Artificial Intelligence and the Complexity Frontier: Roger Melko Public Lecture

by Perimeter Institute
Jul 12, 2018

Can computers think? They can certainly calculate – with staggering speed and ever-increasing power – and they have driven scientific and technological advances that would have been impossible without them. Even so, we would like to believe that, for some puzzles, there’s no substitute for old-fashioned human intuition. But this view may be changing.

A new breed of machine learning algorithms have begun knocking down cognitive milestones that, until recently, scientists believed were still decades away. Major advances are being made in computer vision, language translation, autonomous robotic action and other complex applications. At the same time, these new algorithms are helping scientists accelerate discovery in physics.

This stunning progress poses as many questions as answers: what are the fundamental possibilities and limits of machine learning? Can we create true human-level artificial intelligence, and how might its thoughts differ from our own? What new breeds of computer will fuel artificial intelligence – and, conversely, how will artificial intelligence enable new forms of computing?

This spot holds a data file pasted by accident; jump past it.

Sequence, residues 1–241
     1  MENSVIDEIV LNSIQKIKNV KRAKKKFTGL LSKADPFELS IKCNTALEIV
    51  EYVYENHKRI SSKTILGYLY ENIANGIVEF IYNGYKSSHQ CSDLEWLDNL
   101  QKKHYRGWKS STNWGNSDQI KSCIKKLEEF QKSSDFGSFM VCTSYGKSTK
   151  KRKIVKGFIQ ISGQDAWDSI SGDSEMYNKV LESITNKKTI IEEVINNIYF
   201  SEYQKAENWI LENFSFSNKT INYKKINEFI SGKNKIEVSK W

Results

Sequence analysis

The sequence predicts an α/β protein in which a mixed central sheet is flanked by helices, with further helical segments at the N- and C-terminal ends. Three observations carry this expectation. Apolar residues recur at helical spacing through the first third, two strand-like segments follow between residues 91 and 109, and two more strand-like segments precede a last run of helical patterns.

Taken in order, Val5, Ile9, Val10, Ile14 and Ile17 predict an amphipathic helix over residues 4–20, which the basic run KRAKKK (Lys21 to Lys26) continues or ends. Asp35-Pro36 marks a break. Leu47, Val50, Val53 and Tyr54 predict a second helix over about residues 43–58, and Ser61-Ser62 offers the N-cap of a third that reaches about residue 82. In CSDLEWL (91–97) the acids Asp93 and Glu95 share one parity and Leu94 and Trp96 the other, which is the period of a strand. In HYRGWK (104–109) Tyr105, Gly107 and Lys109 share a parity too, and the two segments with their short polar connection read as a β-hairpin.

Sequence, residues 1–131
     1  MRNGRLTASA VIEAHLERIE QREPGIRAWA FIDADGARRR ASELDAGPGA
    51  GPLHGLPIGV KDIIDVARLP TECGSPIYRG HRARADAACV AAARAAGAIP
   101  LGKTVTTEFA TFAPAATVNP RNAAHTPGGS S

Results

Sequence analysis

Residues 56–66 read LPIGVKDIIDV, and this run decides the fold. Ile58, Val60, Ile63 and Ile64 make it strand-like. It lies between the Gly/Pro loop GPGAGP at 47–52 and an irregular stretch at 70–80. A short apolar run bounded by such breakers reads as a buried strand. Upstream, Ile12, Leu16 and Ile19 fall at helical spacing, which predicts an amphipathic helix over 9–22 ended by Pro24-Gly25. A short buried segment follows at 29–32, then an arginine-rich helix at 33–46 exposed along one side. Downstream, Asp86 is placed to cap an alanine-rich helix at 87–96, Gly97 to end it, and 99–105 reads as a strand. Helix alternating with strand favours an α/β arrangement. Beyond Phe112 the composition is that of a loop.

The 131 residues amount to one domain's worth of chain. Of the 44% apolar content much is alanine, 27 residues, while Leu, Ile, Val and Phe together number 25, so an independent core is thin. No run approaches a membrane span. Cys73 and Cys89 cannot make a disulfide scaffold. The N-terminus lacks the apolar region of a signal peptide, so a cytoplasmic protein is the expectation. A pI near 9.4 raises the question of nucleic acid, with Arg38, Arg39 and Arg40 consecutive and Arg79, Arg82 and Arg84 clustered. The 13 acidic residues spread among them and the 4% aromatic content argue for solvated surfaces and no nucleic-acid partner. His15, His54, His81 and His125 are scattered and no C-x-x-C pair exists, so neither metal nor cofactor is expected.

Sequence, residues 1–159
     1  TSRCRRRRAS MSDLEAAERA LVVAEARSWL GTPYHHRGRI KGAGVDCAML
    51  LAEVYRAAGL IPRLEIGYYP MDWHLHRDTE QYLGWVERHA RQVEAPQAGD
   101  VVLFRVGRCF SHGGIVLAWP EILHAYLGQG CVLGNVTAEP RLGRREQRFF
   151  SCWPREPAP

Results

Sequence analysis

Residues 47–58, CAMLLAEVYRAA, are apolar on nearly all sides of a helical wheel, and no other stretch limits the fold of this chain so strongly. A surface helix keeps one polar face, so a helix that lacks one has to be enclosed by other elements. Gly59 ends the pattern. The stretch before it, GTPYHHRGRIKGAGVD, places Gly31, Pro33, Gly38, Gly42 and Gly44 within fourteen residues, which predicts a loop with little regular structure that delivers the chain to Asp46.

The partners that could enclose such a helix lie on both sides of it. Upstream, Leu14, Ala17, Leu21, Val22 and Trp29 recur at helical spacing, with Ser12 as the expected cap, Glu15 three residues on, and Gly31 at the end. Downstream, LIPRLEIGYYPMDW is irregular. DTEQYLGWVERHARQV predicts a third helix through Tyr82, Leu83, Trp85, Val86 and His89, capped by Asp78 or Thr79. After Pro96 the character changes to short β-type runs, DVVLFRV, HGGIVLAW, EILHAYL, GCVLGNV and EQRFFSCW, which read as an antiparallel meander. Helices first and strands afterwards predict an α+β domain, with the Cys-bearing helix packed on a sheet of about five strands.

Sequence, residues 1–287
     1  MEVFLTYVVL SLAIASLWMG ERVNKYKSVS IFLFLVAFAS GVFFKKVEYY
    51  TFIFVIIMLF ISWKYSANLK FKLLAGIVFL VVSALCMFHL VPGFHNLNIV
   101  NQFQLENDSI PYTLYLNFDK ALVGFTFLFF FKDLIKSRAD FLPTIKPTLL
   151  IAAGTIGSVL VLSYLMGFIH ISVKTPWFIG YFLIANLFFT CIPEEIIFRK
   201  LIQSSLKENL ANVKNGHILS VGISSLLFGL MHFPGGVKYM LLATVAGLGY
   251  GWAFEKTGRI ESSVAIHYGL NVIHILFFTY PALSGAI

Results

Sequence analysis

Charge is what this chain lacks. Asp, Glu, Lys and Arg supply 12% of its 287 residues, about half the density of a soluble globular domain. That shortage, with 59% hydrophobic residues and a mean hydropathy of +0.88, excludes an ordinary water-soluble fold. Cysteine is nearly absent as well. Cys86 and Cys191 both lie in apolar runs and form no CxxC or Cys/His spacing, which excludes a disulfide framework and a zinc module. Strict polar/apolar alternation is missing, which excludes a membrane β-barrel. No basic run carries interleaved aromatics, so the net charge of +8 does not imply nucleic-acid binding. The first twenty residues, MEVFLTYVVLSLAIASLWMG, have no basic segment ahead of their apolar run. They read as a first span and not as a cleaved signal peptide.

In his May 2 public lecture at Perimeter Institute, Roger Melko explored how computers have helped humanity solve increasingly complex puzzles, and asked which challenges, if any, only human intuition is equipped to tackle.

Melko is an Associate Faculty member at Perimeter Institute and the University of Waterloo, whose research examines the interplay of large-scale computer simulations, quantum mechanics, and other complex problems in physics. Originally from Northern Manitoba, Melko received a BSc from the University of Waterloo, and a PhD from the University of California, Santa Barbara. He returned to Waterloo as a professor in 2007, and became the Canada Research Chair in Computational Quantum Many-Body Physics in 2013. He was awarded the Canadian Association of Physicists’ Herzberg medal in 2016 for his work on computer simulations of quantum entanglement.

Categories: Stories, Tech for Good
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